ATHENS – With a tide of refugees and migrants landing on Greek islands from nearby Turkey, where they had gone fleeing war and strife in their homelands, compassion fatigue has set in as residents and officials are protesting government plans to deal with it by replacing camps with detention centers to sort out those ineligible for asylum.
There are some 96,000 in Greece, including 36,000 on islands, the numbers jumping since New Democracy won July 7 snap elections, leading Prime Minister Kyriakos Mitsotakis to say his government would speed asylum applications but also deportations.
With virtually all seeking sanctuary to prevent being returned to Turkey and an unknown fate, some are so desperate they have been buying fake medical certificates attesting they have traumatic disorders, Greek police busting a ring providing them, said Kathimerini.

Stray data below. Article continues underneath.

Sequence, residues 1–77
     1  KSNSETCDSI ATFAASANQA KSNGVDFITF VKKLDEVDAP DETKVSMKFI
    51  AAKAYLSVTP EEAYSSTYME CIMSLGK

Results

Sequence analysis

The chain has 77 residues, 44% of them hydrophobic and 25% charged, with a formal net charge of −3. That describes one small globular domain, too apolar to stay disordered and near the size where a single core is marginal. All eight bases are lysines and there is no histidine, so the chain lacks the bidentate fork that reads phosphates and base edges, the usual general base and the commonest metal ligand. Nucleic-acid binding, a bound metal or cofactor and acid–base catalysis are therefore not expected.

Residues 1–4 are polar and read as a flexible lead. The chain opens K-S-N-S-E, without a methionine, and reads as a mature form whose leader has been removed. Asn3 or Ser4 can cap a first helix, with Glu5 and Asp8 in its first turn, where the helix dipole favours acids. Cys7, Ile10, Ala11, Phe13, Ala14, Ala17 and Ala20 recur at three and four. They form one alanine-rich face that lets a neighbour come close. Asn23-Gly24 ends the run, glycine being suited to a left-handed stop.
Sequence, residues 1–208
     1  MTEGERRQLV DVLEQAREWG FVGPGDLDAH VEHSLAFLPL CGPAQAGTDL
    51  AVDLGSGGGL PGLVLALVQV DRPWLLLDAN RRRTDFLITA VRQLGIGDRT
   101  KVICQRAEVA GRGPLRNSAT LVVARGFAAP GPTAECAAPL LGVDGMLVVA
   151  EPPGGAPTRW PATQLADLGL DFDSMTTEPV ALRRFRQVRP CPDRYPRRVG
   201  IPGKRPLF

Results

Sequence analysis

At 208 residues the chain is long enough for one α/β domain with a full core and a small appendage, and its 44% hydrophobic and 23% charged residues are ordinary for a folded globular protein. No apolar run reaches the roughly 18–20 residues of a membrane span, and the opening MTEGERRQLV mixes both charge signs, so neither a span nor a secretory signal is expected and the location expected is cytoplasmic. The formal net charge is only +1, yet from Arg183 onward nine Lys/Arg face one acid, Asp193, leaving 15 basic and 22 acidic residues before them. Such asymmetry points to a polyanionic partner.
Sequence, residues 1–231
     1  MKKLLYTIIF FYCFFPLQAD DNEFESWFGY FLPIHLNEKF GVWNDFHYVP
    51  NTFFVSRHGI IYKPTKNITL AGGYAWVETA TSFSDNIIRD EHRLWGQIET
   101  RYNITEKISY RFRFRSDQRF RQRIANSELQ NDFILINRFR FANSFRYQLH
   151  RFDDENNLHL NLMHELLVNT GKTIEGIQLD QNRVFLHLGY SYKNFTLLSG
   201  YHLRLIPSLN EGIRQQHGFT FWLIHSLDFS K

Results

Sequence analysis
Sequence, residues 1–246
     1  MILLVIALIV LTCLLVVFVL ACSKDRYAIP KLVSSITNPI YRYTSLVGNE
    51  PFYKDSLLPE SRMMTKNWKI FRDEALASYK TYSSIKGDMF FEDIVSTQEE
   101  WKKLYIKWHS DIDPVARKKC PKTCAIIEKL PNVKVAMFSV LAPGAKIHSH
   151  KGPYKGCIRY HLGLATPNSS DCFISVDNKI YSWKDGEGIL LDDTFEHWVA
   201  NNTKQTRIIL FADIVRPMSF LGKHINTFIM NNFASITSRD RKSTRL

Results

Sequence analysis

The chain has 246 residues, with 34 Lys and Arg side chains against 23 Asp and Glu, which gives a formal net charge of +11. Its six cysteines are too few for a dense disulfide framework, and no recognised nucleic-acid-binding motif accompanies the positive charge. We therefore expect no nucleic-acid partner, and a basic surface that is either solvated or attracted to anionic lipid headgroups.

More than 1,000 migrants landed on the islands in the four days leading up to Dec. 5, according to official figures, putting more pressure on already overcrowded state camps while the mayors of Lesbos, Samos and Chios planning protests – coordinated by Regional Governor Konstantinos Moutzouris – over government plans to create new detention facilities there as Mitsotakis said 20,000 would be moved to the mainland.
He said he wanted to send a similar number back to Turkey under a suspended swap deal with the European Union which has seen only 2,000 returned in the last four years.
On Leros, residents led by Mayor Michalis Kollias prevented the docking of a ferry carrying migrants from other islands, forcing it to shift course to Piraeus. The reception facility on Leros is holding 2,280 people while the Moria center on Lesbos has 17,000 in a space designed to hold 2,840, leading to frequent violence between groups and with police.